Francis Thompson Poems >>
Heard On The Mountain

From Hugo's 'Feuilles d'Automne'.


Have you sometimes, calm, silent, let your tread aspirant rise
Up to the mountain's summit, in the presence of the skies?
Was't on the borders of the South? or on the Bretagne coast?
And at the basis of the mount had you the Ocean tossed?
And there, leaned o'er the wave and o'er the immeasurableness,
Calm, silent, have you harkened what it says?  Lo, what it says!
One day at least, whereon my thought, enlicens-ed to muse,
Had drooped its wing above the beach-ed margent of the ooze,
And, plunging from the mountain height into the immensity,
Beheld upon one side the land, on the other side the sea.
I harkened, comprehended,--never, as from those abysses,
No, never issued from a mouth, nor moved an ear, such voice as this is!

A sound it was, at outset, vast, immeasurable, confused,
Vaguer than is the wind among the tufted trees effused,
Full of magnificent accords, suave murmurs, sweet as is
The evensong, and mighty as the shock of panoplies
When the hoarse melee in its arms the closing squadrons grips,
And pants, in furious breathings, from the clarions' brazen lips.
Unutterable the harmony, unsearchable its deep,
Whose fluid undulations round the world a girdle keep,
And through the vasty heavens, which by its surges are washed young,
Its infinite volutions roll, enlarging as they throng,
Even to the profound arcane, whose ultimate chasms sombre
Its shattered flood englut with time, with space and form and number.
Like to another atmosphere with thin o'erflowing robe,
The hymn eternal covers all the inundated globe:
And the world, swathed about with this investuring symphony,
Even as it trepidates in the air, so trepidates in the harmony.

And pensive, I attended the ethereal lutany,
Lost within this containing voice as if within the sea.

Soon I distinguished, yet as tone which veils confuse and smother,
Amid this voice two voices, one commingled with the other,
Which did from off the land and seas even to the heavens aspire;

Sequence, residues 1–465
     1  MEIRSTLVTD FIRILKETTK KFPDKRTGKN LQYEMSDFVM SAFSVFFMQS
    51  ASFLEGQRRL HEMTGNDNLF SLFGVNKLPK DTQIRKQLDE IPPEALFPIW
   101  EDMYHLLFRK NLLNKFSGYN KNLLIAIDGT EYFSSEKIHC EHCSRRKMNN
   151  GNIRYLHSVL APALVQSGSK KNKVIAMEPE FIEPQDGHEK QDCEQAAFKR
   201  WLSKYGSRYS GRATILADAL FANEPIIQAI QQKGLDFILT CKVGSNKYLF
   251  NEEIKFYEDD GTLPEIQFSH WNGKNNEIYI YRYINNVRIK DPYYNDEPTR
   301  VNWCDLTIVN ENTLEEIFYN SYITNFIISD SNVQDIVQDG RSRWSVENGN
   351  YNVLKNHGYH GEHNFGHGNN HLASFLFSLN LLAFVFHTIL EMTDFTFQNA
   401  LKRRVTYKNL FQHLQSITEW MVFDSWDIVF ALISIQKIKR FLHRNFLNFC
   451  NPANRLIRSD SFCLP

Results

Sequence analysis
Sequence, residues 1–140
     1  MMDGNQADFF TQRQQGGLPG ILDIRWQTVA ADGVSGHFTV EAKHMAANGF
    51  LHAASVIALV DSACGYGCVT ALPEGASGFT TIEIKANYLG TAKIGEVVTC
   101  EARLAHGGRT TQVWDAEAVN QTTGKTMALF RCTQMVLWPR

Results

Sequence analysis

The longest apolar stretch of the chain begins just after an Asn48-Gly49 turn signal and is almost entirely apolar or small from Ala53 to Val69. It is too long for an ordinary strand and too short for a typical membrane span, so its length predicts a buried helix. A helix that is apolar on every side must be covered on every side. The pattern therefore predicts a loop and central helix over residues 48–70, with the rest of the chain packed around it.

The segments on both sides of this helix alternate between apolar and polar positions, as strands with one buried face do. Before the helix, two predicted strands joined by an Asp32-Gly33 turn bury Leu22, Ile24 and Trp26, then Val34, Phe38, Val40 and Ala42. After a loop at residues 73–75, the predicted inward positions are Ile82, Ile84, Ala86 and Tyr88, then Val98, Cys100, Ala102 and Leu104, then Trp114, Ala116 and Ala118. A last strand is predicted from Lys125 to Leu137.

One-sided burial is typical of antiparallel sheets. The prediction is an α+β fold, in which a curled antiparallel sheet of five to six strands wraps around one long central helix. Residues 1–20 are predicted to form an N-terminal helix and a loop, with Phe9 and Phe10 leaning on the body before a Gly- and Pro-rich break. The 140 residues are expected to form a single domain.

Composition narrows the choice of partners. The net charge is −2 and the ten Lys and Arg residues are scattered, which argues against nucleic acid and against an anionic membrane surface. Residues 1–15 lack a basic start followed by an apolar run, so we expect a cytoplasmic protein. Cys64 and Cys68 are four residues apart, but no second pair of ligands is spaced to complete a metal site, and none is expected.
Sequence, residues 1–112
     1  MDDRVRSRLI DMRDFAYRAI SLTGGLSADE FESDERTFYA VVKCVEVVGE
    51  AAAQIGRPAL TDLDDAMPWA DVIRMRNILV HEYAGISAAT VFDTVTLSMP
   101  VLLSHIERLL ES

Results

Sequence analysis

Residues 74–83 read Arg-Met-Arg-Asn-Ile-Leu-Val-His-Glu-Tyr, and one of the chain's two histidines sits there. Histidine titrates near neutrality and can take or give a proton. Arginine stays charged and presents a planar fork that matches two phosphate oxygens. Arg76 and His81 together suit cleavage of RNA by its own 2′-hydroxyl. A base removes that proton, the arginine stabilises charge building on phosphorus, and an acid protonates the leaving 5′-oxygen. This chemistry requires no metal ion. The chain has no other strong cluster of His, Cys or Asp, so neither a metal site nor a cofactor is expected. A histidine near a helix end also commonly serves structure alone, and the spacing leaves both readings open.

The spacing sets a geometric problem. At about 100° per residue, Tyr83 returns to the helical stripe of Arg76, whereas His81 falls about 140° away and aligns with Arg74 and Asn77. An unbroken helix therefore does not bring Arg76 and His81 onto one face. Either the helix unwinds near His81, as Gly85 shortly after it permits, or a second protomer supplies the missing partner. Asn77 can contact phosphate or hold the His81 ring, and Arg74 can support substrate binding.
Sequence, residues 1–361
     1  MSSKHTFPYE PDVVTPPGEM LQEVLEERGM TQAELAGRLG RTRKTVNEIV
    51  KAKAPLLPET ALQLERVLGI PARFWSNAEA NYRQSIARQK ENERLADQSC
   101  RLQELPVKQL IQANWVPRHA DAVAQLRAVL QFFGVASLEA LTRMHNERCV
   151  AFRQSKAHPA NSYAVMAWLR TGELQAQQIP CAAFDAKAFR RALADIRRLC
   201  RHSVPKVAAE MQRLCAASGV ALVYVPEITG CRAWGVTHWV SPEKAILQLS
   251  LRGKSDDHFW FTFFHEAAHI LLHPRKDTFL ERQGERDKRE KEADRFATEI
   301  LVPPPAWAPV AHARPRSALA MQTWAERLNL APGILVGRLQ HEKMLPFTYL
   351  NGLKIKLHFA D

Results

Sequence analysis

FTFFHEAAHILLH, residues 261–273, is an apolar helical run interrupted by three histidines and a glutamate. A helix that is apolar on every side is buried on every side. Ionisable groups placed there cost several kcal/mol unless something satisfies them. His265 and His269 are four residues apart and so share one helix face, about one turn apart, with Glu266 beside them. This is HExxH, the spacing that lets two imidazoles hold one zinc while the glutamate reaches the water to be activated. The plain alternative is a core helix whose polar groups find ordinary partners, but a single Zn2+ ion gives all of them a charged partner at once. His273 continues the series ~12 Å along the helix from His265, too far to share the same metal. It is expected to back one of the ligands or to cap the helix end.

Chanting the universal chant in simultaneous quire.
And I distinguished them amid that deep and rumorous sound,
As who beholds two currents thwart amid the fluctuous profound.

The one was of the waters; a be-radiant hymnal speech!
That was the voice o' the surges, as they parleyed each with each.
The other, which arose from our abode terranean,
Was sorrowful; and that, alack! the murmur was of man;
And in this mighty quire, whose chantings day and night resound,
Every wave had its utterance, and every man his sound.

Now, the magnificent Ocean, as I said, unbannering
A voice of joy, a voice of peace, did never stint to sing,
Most like in Sion's temples to a psaltery psaltering,
And to creation's beauty reared the great lauds of his song.
Upon the gale, upon the squall, his clamour borne along
Unpausingly arose to God in more triumphal swell;
And every one among his waves, that God alone can quell,
When the other of its song made end, into the singing pressed.
Like that majestic lion whereof Daniel was the guest,
At intervals the Ocean his tremendous murmur awed;
And I, t'ward where the sunset fires fell shaggily and broad,
Under his golden mane, methought, that I saw pass the hand of God.

Meanwhile, and side by side with that august fan-faronnade,
The other voice, like the sudden scream of a destrier affrayed,
Like an infernal door that grates ajar its rusty throat,
Like to a bow of iron that gnarls upon an iron rote,
Grinded; and tears, and shriekings, the anathema, the lewd taunt,
Refusal of viaticum, refusal of the font,
And clamour, and malediction, and dread blasphemy, among
That hurtling crowd of rumour from the diverse human tongue,
Went by as who beholdeth, when the valleys thick t'ward night,
The long drifts of the birds of dusk pass, blackening flight on flight.
What was this sound whose thousand echoes vibrated unsleeping?
Alas! the sound was earth's and man's, for earth and man were weeping.

Brothers! of these two voices, strange most unimaginably,
Unceasingly regenerated, dying unceasingly,
Harken-ed of the Eternal throughout His Eternity,
The one voice uttereth:  NATURE! and the other voice:  HUMANITY!

Then I alit in reverie; for my ministering sprite
Alack! had never yet deployed a pinion of an ampler flight,
Nor ever had my shadow endured so large a day to burn:
And long I rested dreaming, contemplating turn by turn
Now that abyss obscure which lurked beneath the water's roll,
And now that other untemptable abyss which opened in my soul.
And I made question of me, to what issues are we here,
Whither should tend the thwarting threads of all this ravelled gear;
What doth the soul; to be or live if better worth it is;
And why the Lord, Who, only, reads within that book of His,
In fatal hymeneals hath eternally entwined
The vintage-chant of nature with the dirging cry of humankind?